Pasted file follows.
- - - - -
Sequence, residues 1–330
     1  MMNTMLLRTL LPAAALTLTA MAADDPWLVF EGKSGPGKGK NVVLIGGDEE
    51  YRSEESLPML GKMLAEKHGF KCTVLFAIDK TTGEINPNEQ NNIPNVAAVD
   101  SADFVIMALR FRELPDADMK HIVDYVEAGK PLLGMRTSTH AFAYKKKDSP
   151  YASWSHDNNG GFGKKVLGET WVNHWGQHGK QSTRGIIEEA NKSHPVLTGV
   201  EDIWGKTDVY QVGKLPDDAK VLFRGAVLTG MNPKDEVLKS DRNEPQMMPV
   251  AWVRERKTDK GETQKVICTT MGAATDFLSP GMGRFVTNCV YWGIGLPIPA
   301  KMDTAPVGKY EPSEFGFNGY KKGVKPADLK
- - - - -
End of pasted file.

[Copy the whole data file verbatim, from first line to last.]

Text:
Sequence, residues 1–330
     1  MMNTMLLRTL LPAAALTLTA MAADDPWLVF EGKSGPGKGK NVVLIGGDEE
    51  YRSEESLPML GKMLAEKHGF KCTVLFAIDK TTGEINPNEQ NNIPNVAAVD
   101  SADFVIMALR FRELPDADMK HIVDYVEAGK PLLGMRTSTH AFAYKKKDSP
   151  YASWSHDNNG GFGKKVLGET WVNHWGQHGK QSTRGIIEEA NKSHPVLTGV
   201  EDIWGKTDVY QVGKLPDDAK VLFRGAVLTG MNPKDEVLKS DRNEPQMMPV
   251  AWVRERKTDK GETQKVICTT MGAATDFLSP GMGRFVTNCV YWGIGLPIPA
   301  KMDTAPVGKY EPSEFGFNGY KKGVKPADLK